My mystical-spiritual aspirations used to be really grandiose.
I was going to grasp the secrets of the universe; soar through higher metaphysical regions of reality; get drenched in divine light and sound; merge with the Ultimate until there was nothing of me left but One.
Yesterday I managed to pack for a weekend trip and keep my calm. That's what counts as spiritual progress for me now. Call it what you will, it's undeniably real. I could feel the difference between the usual flappable-while-packing Brian and who I was twenty-fours ago.
Thank you, Kosho Uchiyama. I've been trying to absorb your message in "Opening the Hand of Thought," the subject of my last post. Today I read:
There is a koan that asks, "What is your original face before your parents were born?" One might naturally assume that there is some special thing called "original face," but that is not the right approach. When we open the hand of thought, letting go, the original self is already there.
It's not some special mystical state. Don't seek it somewhere else. When we open the hand of thought, what is there, in that moment, is our original face.
When we refrain from grasping our thoughts, we realize that the force that animates our lives and the force that moves the wind are the very same force. Our lives and the force that moves the wind are the same. Our breath and the wind blowing are one.
When my wife and I (plus the family dog) go to our cabin on the Metolius River in central Oregon, we pack heavy for what is usually just an extended weekend trip. We've got the routine down, but it's still a mini-ordeal.
Bike rack. Bikes. Food boxes (health-minded vegetarians that we are, we can't survive by foraging on local fare). Dog supplies. Heaps of unread magazines. Clothes for cool, warm, sunny, and wet weather (Oregon is changeable in the spring).
We usually try to leave by late afternoon. Yesterday, our schedule was side-tracked by a hectic day. No opportunity to pack until I rushed home about 6 pm, figuring that since I'd been gone most of the afternoon and Laurel hadn't, she'd have made a good start on the packing.
But all I saw was that two empty food containers had been taken from the garage and put by the front door. "I'm just beginning to pack," Laurel said as I walked in, frazzled and tired.
Usually I'd feel This isn't right. Yesterday I caught myself before that thought had a chance to get rolling down Mount Irritation. "Okay," I told her. "I'll put the bikes on the car. We'll leave whenever we can."
I'm no Kosho Uchiyama. But maybe I am, just a little bit. He says:
The important point here in terms of the truth of universal self is not to run away from the worse way (hell, unhappiness, or bad circumstances) and turn toward some better way (heaven, happiness, or good circumstances) by discriminating between better and worse using our heads.
Rather, what is crucial is magnanimous mind, with which we take the attitude of living straight through whatever reality of life we are presently faced with. In other words, if I fall into hell, then hell itself is my life at that time, so I have to live right through it, and if I find myself in heaven, then heaven is my life and I have to live right through that.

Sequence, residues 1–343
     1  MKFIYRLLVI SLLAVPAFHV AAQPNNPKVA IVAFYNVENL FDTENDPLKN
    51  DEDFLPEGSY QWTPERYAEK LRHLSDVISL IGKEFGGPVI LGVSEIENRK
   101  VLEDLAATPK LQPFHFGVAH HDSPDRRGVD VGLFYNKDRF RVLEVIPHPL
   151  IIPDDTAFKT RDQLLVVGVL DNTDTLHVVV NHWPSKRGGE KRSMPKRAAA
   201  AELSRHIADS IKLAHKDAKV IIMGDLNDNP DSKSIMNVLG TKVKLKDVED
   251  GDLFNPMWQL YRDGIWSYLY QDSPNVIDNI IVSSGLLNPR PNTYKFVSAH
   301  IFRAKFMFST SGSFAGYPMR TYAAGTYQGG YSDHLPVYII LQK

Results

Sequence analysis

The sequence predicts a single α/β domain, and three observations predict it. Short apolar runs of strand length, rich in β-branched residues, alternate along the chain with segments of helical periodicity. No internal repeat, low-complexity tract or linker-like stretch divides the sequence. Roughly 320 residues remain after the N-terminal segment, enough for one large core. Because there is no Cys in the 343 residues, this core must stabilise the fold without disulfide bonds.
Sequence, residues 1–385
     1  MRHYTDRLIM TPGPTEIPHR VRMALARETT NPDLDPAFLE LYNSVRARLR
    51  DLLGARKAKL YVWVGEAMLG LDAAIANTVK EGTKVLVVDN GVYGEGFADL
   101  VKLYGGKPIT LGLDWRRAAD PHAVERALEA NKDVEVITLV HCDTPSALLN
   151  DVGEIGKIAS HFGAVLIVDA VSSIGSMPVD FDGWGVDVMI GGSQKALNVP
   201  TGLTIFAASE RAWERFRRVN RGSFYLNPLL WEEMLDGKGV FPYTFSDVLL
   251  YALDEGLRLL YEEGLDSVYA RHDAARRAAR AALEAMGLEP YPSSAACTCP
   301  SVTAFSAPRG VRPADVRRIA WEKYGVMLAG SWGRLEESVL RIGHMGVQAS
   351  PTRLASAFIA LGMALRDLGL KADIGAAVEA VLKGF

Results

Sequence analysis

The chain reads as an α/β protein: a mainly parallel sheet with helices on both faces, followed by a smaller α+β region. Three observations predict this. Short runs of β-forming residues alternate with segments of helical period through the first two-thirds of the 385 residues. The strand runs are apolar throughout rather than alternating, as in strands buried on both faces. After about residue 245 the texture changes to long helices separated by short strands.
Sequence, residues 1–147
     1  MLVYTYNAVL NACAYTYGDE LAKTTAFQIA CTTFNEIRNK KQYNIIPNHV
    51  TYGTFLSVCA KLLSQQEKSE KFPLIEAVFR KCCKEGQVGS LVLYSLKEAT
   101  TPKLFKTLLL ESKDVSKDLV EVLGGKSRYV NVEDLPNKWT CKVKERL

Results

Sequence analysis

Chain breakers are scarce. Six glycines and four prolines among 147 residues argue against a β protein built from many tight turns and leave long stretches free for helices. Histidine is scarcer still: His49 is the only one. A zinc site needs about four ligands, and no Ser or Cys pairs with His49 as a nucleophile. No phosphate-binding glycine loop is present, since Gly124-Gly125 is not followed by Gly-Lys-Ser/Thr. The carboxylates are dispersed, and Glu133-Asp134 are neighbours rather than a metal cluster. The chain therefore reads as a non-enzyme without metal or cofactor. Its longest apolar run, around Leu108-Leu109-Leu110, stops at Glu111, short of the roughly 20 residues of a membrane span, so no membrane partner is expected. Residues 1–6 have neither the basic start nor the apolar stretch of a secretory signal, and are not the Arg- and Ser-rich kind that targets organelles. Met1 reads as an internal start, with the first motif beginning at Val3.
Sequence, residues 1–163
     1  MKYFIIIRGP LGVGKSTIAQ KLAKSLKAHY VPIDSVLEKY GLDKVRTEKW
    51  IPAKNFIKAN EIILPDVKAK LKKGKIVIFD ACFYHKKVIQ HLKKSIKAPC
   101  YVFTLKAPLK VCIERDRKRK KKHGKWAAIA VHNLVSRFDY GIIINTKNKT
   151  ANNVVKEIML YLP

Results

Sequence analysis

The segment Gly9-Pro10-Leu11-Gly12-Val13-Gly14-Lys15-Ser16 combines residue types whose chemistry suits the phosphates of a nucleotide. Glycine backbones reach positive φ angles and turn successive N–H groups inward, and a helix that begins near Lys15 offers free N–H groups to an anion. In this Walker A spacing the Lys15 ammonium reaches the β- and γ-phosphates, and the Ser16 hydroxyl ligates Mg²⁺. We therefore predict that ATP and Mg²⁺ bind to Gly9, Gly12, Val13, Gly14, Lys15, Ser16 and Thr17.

We pulled out of the driveway about 8:00 pm. Laurel got ready to go as quickly as possible. Me too. It was just the right time. Every time is, really.
We had a late take-out Thai food dinner at the cabin. We were hungry by 10:30. Dog was too. It was just the right time. Every time is, really.
Per usual, we stopped about halfway at Detroit Lake for coffee, a bathroom break, and snacks. Most everything but the little market closes down in Detroit after 9:00 pm. The woman ahead of us in the checkout line asked if any gas stations were open.
"No," she was told. "Oh, no," she said. "We're on empty and we've got to get to Bend."
A local guy heard her. "I know the people who own the gas station," he said. "I'll give them a call. I bet they'll be willing to come out and open it up for you."
Small town friendliness. And an advantageous meet-up at the cash register for the woman who was just about out of gas. It was just the right time. Every time is, really.
Religion is part of life for many people. But for all of us, atheist, agnostic, or true believer, it should be recognized for what it is: just a part, not life itself. Uchiyama:
Instead of looking at the fresh and vivid reality of life with their own eyes, people end up stifling that reality in the name of justice, or peace, or some fixed dogma.
All these memories and myths are produced by human life, so we cannot say they are meaningless. However, all these ideas and beliefs have only a conceptual existence that is fixed within our thoughts, they are not raw life-experience that is alive right now.
We tend to plunge our heads too far into memories and fantasies, into religious dogma and rigid doctrines. When we admire them and believe in them blindly, becoming frenzied and fanatical, we become imprisoned by this fixed and conceptual existence.
We would be much better off if our past experience and wisdom were made to live within the raw life-experience of the self here and now.
…The only true enlightenment is awareness of the vivid reality of life, moment by moment. So we practice enlightenment right now, right here, in every moment.